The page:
May 10.370. French Ambassador's answer to the memorial of H.M. Commissioners, March 17, 1699, relating to their claim of a title to Hudson's Bay. The French made the first discovery of the Bay to the North of Canada, the first settlements for carrying on the trade there. The disturbance was begun by the English only. It is not worth while to dispute about the voyages mentioned in the memorial from 1497–1631. But in general it does not appear that the English knew those northern countries from the year 1497, but the Normans and the Basques did then go a-fishing to Newfoundland, the Gulph of St. Laurent, on the coast of Labrador, and to the North of the isle of Newfoundland. Many voyages might be quoted, but it is certain that if the English, Danish, or other navigators made any voyages thither, it was only with an intent to find out a passage to the South Sea. It cannot be proved that they made settlements or carried on any trade in the Bay of the North of Canada, or even knew the places mentioned in those old maps they pretend to make use of, which were made but 30 or 40 years ago, since the English were introduced into the Bay. To establish a rightful possession of a country, it is not sufficient to have discovered and even inhabited the same for some time; but an antient possession or a continual habitation or a trade at least carried on are requisite in order to pretend or dispute a property, which the English cannot justify as to the Bay of the North of Canada. They own the interruption of their possession 1631–1667. The troubles and civil wars they allege as the reason did not begin till about 1640, and during those troubles they preserved their other plantations, and even increased the trade and extent thereof. If the French insisted upon voyages made at different times and taking possession of the countries where they have been, they might demand Carolina now, because in the time of Francis I., Hen. II. and Charles IX. they had forts there, and all New England and the New Low Countries, for they had commanders and settlements there 1604–1610, whilst the English, who then possessed only Virginia, began to settle themselves on that coast but towards the year 1626. The authors who have written about Canada or New France give it no limits northwards, and it appears by all the grants or Letters of Corporation made by the kings of France to the companies settled in New France, and particularly in 1628, that all the Bay of the North is comprehended in the limits mentioned by them. If the English had any knowledge of the bay or any claim thereto they would not have failed to insist upon it and expressly to mention it in the Treaty of 1632, when they restored to the French New France, which they had taken during the war. It is true that then and a long time afterwards the French had no forts upon the coast of the bay, because they being masters of the inland country, the savages with whom they had a continual trade brought their furs over lakes and rivers. The communication from Tadouzac to the bottom of the bay was always kept easily by the river of Saquenay, one may go thither also by other rivers and lakes on the side of Montreal, and those places are not 120 leagues remote from it. There are on the same side rivers which lead into the lake of the Hurons and the upper lake, at the head of which the French have always had settlements to trade in fur with all the savages who are on the west side of the Bay of the North. A great many instances of taking possession might be produced to justify that all those savages have acknowledged the king's soverainty before the English thought of going thither, as may be seen by examining the situation of the country. The English pretend it was in 1663 they first formed a design to go and settle themselves in the Bay of the North, and that in 1667 Zacchary Gilhem was the first who went into the bottom of the Bay, where he built Charles Fort on the River Rupert, but they conceal that the prospect of those settlements was suggested to them by Radisson and Desgrozelliers, subjects of the King and inhabitants of Canada, who conducted them to the bottom of the Bay, of which the English had not any knowledge. The Letters of Corporation granted 1670 by Charles II. to the Hudson's Bay Company cannot give them any right, because that Prince could not dispose of a country and lands lawfully and constantly possessed by France without any opposition. The wars which France was afterwards obliged to maintain against almost all Europe hindered her from opposing the new attempts of the English, and the engagements entered into with Charles II. made it unfit to revive any occasions of dispute. Nevertheless in 1675 the inhabitants of Canada sent a ship into the Bay of the North to put a stop to the undertaking of the English. The French who were sent thither came into the Bourbon River and wintered there. That River the English call Port Nelson, where there was then no sign found of any settlement or habitation. The inhabitants of Canada sent thither in 1682 two other ships with Radisson and Desgrozelliers who were come back to New France, and whom the King had pardoned for deserting. They arrived in August and made a settlement in the River of St. Therèze, a league and a half from the River Bourbon, and called it Fort Bourbon. The English had not yet discovered this River of St. Therèze. The same year there came near Fort Bourbon a ship from England and a barque from Boston which was left in the ice. The French gave leave to the seamen of those vessels to winter on the River Bourbon upon promise that they would not fortify themselves there. The men of the ship from England having broken their word were attacked and made prisoners; yet when the ice broke the French gave them one of their ships, 1683, to return to England, and the men belonging to the barque of Boston were charitably released and conducted to Quebec, whence they were sent back to Boston. It was explained in the memorial which has been delivered in what manner Radisson went over again into England and entered into an agreement with the Hudson Bay Company to go to surprise and plunder in 1684 Fort Bourbon. He is still in London and the Company actually pays him part of the pension they promised when they engaged him. The English take no notice in their memorial of all that passed in 1684, though in 1686 and 1687 the Sieurs de Barillon and de Bonrepos solicited very earnestly for the restitution of Fort Bourbon and of the effects which were carried away. The attempt of the English in 1684 in time of peace obliged those of Canada to go and attack the places in the bottom of the Bay whence the English were driven away. The losses the French sustained by the taking of Fort Bourbon exceeded by far the losses the English sustained when they were driven from the forts at the bottom of the Bay. The English were the aggressors. On these grounds the French demand to be maintained in the possession of Fort Bourbon and that all the bottom of the Bay to the North of Canada be restored to them. [America and West Indies. Hudson's Bay, 539. No. 8. pp. 21–25; and Board of Trade. Hudson's Bay, 3. pp. 74–80 (translation); and 2. No. 173. Endorsed, Read May 10, 1699. Original mislaid.]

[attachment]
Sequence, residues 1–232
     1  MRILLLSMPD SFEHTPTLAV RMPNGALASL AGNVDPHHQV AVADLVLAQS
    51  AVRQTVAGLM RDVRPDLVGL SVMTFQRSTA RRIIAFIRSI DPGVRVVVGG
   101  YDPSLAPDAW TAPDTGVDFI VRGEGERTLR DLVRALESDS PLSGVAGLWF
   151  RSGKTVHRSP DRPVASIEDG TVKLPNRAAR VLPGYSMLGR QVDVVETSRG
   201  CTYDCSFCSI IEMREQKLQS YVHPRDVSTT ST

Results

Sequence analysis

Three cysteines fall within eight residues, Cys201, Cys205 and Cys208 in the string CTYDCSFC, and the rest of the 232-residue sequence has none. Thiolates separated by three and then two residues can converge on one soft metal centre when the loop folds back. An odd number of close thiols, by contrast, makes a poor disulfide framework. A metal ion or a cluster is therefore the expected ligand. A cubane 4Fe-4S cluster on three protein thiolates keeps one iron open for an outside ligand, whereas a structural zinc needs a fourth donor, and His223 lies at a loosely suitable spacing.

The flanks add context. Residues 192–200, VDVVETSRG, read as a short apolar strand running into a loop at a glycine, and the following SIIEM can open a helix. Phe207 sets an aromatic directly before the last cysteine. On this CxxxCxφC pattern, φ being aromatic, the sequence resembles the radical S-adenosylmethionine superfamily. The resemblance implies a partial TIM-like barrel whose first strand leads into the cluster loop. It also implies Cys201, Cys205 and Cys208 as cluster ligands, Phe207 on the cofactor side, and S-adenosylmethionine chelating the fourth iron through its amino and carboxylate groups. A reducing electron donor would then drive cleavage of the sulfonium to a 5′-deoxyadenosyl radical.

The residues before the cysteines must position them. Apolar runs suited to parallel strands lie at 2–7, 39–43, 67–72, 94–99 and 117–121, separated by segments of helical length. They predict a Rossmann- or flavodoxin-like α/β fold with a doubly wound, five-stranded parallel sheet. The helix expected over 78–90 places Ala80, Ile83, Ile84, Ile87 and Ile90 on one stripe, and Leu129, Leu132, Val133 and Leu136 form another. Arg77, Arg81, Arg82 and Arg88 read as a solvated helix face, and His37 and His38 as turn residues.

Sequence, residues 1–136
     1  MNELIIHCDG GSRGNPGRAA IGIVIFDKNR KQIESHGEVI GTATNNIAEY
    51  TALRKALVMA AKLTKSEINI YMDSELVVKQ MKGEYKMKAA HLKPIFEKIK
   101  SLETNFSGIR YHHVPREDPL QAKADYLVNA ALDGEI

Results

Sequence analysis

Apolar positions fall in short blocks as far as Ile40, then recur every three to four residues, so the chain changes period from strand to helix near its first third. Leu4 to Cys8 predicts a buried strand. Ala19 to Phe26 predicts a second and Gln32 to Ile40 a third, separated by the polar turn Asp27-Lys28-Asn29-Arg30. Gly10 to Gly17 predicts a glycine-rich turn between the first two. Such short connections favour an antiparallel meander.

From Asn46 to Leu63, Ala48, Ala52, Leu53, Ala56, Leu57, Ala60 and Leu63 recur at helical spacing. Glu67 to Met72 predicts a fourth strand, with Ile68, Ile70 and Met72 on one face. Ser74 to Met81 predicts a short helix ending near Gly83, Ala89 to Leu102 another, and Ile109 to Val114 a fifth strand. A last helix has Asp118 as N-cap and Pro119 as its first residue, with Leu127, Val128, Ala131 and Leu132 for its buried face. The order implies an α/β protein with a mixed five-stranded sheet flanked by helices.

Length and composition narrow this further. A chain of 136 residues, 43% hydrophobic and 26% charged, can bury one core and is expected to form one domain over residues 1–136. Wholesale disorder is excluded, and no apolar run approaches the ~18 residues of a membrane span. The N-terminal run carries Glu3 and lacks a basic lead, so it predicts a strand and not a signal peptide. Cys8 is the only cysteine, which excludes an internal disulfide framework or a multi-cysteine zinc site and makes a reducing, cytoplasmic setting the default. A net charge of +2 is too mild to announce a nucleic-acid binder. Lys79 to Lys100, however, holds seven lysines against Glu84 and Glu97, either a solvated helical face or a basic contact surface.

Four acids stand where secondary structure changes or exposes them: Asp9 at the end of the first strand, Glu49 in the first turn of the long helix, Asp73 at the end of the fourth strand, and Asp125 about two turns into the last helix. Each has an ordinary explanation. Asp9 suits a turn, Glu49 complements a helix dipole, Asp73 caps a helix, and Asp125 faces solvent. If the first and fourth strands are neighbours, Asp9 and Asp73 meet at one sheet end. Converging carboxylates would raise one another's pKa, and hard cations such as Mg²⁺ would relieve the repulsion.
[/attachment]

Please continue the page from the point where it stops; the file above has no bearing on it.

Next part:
May 10.